Important Service Functionality End Dates for Microsoft Products You Need to Know

While hardware typically alerts users of an impending end date by beginning to fail, having slower response times, or crashing altogether, software applications often provide far less noticeable changes. However, software changes can be just as important as hardware changes and being aware of these can have a big impact on users.

This post discusses several important service functionality end dates for Microsoft products that all users need to know.

There are several types of support provided by Microsoft and many dates related to them.

Important Service Functionality End Dates for Microsoft Products You Need to Know

There are several different types of application support and functionality and it is important to understand the difference between them. The most common support dates you will see associated with Microsoft applications are:

  • Mainstream support - when this version of the product is the current one being sold and supported.
  • Extended support - when a newer version of the product has been released, but this product is still being provided with security updates.
  • Beyond end of support - when security updates are only available through the Extended Security Update Program. NOTE: While there are some versions of this that are free, this is only for security updates. Any technical support is subscription based.

The most important take away from the descriptions above is the security updates. As soon as a product is no longer being supported with security updates, it is an invitation to hackers to try to take advantage of any security flaws that exist or are introduced by other programs, updates, etc., that they can then use to gain unauthorized access to your valuable data. This means that you need to be sure you are using software that is currently getting security updates at all times! NOTE: This applies to all software and applications, not just Microsoft.

There are several upcoming service feature updates that are worth noting which include Office 2016, Office 2019, Server 2012 and Server 2012 R2.

Office 2016 & 2019

Both Office 2016 and Office 2019 will lose the ability to connect to online versions of Microsoft 365 services on October 10, 2023. This means that after that date, both of these versions of Office will no longer be able to connect to Microsoft 365 services supporting these products. These include OneDrive for Business, Exchange Online and SharePoint Online. If you are using these products in combination with these older Office versions, you will need to reconsider how you are using them or upgrade before the deadline.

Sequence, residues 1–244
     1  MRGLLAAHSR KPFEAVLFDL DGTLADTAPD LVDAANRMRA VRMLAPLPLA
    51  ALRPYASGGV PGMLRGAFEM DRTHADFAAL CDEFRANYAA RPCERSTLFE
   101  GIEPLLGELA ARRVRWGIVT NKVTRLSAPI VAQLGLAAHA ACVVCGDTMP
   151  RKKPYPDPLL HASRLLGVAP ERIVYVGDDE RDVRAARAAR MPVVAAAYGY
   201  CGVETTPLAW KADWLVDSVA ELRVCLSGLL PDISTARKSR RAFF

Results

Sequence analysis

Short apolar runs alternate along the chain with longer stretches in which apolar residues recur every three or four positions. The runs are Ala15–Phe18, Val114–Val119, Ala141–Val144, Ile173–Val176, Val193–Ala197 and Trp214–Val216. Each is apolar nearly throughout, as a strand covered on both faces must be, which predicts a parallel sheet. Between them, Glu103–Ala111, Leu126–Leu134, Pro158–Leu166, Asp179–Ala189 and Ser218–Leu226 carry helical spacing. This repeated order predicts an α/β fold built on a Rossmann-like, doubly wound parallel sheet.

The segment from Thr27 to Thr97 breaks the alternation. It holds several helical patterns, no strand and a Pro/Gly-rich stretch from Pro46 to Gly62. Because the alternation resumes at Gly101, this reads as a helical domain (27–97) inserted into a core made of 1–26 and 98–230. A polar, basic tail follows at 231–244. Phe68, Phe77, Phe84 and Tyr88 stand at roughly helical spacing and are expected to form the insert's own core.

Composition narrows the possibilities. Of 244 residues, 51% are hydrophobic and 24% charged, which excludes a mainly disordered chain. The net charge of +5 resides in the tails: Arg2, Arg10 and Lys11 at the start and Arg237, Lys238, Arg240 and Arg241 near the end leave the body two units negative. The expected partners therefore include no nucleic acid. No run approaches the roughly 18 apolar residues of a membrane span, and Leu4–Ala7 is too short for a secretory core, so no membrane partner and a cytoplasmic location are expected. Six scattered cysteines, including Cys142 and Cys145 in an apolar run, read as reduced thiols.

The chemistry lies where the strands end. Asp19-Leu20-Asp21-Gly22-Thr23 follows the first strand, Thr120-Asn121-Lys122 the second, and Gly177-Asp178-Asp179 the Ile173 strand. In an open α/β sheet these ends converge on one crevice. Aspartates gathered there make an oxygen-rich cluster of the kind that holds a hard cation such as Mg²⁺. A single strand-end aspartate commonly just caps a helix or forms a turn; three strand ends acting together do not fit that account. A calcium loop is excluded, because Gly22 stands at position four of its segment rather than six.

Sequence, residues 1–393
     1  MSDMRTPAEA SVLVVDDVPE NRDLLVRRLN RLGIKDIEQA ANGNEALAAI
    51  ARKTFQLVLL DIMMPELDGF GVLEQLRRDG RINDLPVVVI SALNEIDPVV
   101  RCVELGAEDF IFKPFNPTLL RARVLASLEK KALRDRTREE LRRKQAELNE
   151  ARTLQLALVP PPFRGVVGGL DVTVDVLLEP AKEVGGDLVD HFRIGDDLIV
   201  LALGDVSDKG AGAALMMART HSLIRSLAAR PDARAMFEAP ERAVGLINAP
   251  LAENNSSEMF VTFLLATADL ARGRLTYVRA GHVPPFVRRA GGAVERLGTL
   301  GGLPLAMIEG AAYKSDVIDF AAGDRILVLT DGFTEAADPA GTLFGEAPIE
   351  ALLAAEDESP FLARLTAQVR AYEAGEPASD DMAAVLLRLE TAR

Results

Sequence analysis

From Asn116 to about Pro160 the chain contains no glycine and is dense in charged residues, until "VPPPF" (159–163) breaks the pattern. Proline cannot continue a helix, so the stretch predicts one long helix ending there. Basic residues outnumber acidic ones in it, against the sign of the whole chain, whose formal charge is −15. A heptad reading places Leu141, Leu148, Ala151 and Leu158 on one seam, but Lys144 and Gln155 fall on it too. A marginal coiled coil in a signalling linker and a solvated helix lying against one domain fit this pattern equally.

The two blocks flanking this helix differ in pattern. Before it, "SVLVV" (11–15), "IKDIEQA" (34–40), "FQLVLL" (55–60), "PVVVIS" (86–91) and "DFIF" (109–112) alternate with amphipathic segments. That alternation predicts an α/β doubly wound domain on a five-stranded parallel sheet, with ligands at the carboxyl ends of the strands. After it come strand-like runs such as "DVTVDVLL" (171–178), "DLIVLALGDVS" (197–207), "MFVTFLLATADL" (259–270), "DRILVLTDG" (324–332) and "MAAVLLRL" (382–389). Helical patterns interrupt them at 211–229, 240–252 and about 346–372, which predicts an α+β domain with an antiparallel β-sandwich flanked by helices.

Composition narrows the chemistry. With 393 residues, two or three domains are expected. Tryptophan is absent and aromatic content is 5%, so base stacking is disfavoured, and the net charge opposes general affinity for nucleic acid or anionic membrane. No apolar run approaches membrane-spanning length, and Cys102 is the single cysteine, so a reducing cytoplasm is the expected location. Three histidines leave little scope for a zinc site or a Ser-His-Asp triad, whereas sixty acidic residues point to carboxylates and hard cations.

This change represents an end to connectivity and feature support rather than the traditional end of support but can have adverse affects on users if they are unaware of the change and don't have time to plan ahead.

For more information about this change, read Microsoft's article about Office connectivity changes.

Server 2012 and Server 2012 R2

Server 2012 and Server 2012 R2 are facing a far more traditional end of support date. After October 10, 2023, both server operating systems will cross over into the beyond end of support category. This means they will no longer receive updates, security or otherwise, technical support, or bug fixes outside of users acquiring Extended Security Updates.

Extended Security Updates are available in different ways depending upon how users go about moving forward. If you migrate to Azure you can receive up to three years of extended security updates for free. If you still need to have on-premises versions of these operating systems, then you will likely need to purchase Extended Security Updates or upgrade to a newer operating system to be protected.

For more information about this change, read Microsoft's article about Server 2012.

Moving forward

October 10, 2023 is going to be an impactful date for Microsoft products and it is important to know what will change so you have time to make the best choice for your implementation moving forward. Knowing what changes are happening to software applications before they happen allows you to make a plan and implement it before important deadlines pass and put your data at risk.

Both Office 2016 and Office 2019 will lose connectivity to companion Microsoft 365 applications online such as OneDrive and Exchange. If you do not utilize those services, this might not affect you. However, if you do use them, you will want to plan how you can maintain your business continuity before it is too late.

Server 2012 and Server 2012 R2 will stop receiving any updates, including security updates and bug fixes, which means users need to begin implementing a plan to upgrade or move to Azure so they can continue to receive security updates.

For additional information about applications, read Microsoft's article about end of support dates coming in 2025.

As always, being well informed helps protect you and your data!